Shortly after Second Amendment rallies took place in the Washington, D.C. area in April, I blogged about how the Republican Party is increasingly becoming co-opted by Tea Party activists that believe they have a constitutional right to use firearms to counter the results of our democratic process. Since then, Tea Party candidates with extreme views on the Second Amendment have achieved victories at the polls, winning the Republican nomination in two high-profile U.S. Senate races.
On May 18, Tea Party darling and lifetime National Rifle Association (NRA) member Rand Paul made national news when he won the Republican nomination for the Senate in Kentucky. Paul was already well known for his strong Libertarian views and lineage (he is the son of U.S. Representative and 2008 presidential candidate Ron Paul). But he -- inadvertently -- elevated his profile even further when he came out publicly against a provision in the 1964 Civil Rights Act that prevents private businesses from discriminating on the basis of race.
That Paul would criticize such important and longstanding federal protections was disturbing enough. But to make his position more palatable on the Rachel Maddow Show -- at least in his mind -- he suggested that his interpretation of the Constitution would also allow business owners to keep gun-carrying individuals off their property. For all practical purposes, Paul elevated individuals who elect to carry loaded guns outside their homes to the same protected class as race, gender or ethnicity. Paul proposes to give people who pick up a gun the same special legal status as Americans who were being sold as property just 150 years ago. Since when did gun-toters become an heir to that legacy?
It wasn't long, however, before another Tea Party candidate eclipsed Paul in the headlines. On June 8, Sharron Angle won the Republican nomination for the U.S. Senate in Nevada, setting her up for a showdown with Democratic Senate Majority Leader Harry Reid in the November elections.
Angle is known for a number of bizarre statements and policy positions, but of perhaps greatest concern is her advocacy for armed insurrection. In January, she told conservative radio show talk host Lars Larson the following, "You know, our Founding Fathers, they put that Second Amendment in there for a good reason and that was for the people to protect themselves against a tyrannical government. And in fact Thomas Jefferson said it's good for a country to have a revolution every 20 years. I hope that's not where we're going, but, you know, if this Congress keeps going the way it is, people are really looking toward those Second Amendment remedies and saying my goodness what can we do to turn this country around? I'll tell you the first thing we need to do is take Harry Reid out." She reiterated this idea just two weeks ago, telling the Reno Gazette-Journal that a recent increase in gun sales nationwide "tells me that the nation is arming. What are they arming for if it isn't that they are so distrustful of government? They're afraid they'll have to fight for their liberty in more Second Amendment kinds of ways ... If we don't win at the ballot box, what will be the next step?"
This notion that gun owners are super-citizens with the right to violently overturn elected government was given the National Rifle Association's intellectual imprimatur at their national convention last month in Charlotte. 2012 Republican presidential nominee hopeful Newt Gingrich was called in to make it clear that "the Second Amendment is in defense of freedom from the State."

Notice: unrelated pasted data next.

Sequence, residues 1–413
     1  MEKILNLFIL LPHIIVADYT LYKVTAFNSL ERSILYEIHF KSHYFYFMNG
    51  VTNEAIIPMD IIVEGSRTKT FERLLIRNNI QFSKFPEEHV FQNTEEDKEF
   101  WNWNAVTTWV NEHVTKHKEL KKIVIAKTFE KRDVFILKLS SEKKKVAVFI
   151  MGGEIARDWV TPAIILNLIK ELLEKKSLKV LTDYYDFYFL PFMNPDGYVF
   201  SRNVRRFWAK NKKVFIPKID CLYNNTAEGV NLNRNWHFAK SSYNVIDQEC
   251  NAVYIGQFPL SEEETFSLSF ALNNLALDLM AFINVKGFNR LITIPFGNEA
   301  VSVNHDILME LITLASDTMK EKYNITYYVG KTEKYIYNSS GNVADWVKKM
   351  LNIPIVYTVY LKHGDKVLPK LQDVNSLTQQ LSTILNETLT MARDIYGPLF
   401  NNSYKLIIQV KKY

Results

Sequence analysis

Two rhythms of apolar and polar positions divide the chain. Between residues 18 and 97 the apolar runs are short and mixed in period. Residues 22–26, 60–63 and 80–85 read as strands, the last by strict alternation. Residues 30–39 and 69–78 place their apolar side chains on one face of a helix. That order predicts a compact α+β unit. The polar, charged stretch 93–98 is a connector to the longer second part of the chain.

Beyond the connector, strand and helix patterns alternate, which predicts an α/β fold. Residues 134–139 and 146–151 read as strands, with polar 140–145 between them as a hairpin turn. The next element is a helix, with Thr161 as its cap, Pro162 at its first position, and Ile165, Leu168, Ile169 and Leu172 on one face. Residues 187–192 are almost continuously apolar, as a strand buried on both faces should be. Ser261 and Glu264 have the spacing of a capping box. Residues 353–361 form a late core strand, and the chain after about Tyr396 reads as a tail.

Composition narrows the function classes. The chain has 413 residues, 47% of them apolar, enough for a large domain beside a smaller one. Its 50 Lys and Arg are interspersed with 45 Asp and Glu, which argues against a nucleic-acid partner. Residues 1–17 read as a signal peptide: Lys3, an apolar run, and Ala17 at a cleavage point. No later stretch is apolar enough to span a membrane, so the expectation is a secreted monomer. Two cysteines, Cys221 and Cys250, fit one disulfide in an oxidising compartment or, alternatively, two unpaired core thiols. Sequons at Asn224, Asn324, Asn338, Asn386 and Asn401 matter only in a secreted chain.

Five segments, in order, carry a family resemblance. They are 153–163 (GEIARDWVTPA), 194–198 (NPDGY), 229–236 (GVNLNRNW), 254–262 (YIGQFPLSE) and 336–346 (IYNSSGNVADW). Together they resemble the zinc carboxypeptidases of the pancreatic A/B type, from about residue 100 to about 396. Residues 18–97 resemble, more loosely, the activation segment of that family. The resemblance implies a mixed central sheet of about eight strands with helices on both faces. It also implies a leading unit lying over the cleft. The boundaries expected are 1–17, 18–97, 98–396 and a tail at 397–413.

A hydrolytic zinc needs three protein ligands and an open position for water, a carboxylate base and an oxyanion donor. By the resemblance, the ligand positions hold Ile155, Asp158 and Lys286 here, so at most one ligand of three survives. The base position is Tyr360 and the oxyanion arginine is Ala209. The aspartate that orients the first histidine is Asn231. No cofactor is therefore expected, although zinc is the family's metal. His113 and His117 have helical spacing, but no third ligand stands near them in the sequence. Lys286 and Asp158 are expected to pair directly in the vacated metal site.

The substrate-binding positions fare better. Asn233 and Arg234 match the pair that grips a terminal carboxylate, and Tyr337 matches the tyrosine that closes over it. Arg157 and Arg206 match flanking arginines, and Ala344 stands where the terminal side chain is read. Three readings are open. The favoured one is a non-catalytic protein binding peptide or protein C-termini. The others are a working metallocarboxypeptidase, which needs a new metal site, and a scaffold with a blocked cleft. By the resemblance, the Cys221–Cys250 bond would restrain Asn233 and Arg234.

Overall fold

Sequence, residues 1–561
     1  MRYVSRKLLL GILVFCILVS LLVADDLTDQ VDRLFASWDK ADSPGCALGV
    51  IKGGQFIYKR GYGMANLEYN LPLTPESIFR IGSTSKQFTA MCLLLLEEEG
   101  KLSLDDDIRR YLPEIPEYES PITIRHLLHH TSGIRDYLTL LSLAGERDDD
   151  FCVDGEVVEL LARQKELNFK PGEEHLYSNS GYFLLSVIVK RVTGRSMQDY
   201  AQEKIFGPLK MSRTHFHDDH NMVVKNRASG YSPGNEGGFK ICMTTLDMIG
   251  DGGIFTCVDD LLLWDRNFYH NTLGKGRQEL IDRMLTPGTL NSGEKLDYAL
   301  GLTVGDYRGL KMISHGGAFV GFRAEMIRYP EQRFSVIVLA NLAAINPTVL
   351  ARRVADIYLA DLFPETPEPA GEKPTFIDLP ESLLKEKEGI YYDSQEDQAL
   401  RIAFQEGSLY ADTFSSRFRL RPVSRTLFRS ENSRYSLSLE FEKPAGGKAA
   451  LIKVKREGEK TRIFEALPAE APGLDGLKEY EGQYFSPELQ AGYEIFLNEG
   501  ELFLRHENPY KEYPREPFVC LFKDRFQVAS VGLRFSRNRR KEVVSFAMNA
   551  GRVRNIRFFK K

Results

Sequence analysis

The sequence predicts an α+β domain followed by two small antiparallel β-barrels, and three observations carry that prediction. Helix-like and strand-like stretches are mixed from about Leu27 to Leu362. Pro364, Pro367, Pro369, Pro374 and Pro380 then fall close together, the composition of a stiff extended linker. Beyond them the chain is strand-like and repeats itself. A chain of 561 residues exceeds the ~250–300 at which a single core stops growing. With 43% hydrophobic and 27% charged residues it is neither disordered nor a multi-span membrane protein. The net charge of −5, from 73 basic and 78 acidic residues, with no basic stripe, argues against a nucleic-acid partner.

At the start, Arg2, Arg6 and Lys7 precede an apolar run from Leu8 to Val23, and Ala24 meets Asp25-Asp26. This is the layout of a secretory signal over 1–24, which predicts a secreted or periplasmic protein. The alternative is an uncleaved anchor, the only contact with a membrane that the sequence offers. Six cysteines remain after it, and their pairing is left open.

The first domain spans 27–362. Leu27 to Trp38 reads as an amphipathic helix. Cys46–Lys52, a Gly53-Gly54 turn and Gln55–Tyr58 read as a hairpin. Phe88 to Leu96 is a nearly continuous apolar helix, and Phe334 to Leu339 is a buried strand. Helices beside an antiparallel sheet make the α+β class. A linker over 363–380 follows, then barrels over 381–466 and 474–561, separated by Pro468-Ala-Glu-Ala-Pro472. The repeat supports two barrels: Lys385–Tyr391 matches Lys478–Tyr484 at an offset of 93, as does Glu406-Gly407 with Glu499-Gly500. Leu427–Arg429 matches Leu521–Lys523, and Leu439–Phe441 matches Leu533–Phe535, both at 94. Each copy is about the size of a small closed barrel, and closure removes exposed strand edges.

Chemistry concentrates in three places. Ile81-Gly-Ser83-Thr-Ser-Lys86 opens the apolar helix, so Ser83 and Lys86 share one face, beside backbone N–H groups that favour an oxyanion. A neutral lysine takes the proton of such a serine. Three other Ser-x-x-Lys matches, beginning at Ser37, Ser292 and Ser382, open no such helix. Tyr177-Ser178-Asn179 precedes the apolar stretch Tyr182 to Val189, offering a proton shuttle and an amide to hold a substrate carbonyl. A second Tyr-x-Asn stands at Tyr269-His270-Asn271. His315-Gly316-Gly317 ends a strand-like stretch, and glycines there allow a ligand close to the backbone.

In Gingrich's revisionist version of history, "The Founding Fathers were all warriors." Not only is that statement patently untrue (many of our Founding Fathers never fought in the Revolutionary War), but it also conveniently ignores the fact that two of the greatest soldiers in our country's formative years -- generals George Washington and Alexander Hamilton -- were ardent Federalists with little patience for those seeking "freedom from the State." Washington rode out at the head of 13,000 militia to suppress the Whiskey Rebellion after citizens in western Pennsylvania threatened violence in response to an unpopular federal excise tax. Later, Washington made it clear that, "the Constitution which at any time exists, till changed by an explicit and authentic act of the whole people, is sacredly obligatory upon all. The very idea of the power and the right of the people to establish Government presupposes the duty of every individual to obey the established Government."
The notion that Washington or any of our Founding Fathers would have seen democratically-enacted laws as the pretext for violent revolution is both groundless and irresponsible. Furthermore, as MSNBC host Chris Matthews noted on June 16 in his assessment of America's "New Right": "What's scary today is the language being thrown about. Words have consequences. You cannot call a president's policies 'un-American' as Sarah Palin has done; or refer to the elected government as a 'regime,' as Rush Limbaugh persists in doing; or the president as 'a foreign usurper,' as the Birthers do; without giving license on some day to real trouble. This April was the 15th anniversary of Oklahoma City. It is well to consider what happens when people act on what they hear, when the hatred of our own elected government becomes explosive."
If Matthews is right, and more violence is coming, the Republican Party has two options: 1) Firmly denounce the ridiculous idea that there are "Second Amendment remedies" to questions of policy, or; 2) Own up to their role as co-conspirators in the rising level of insurrectionist violence we see in our country today.
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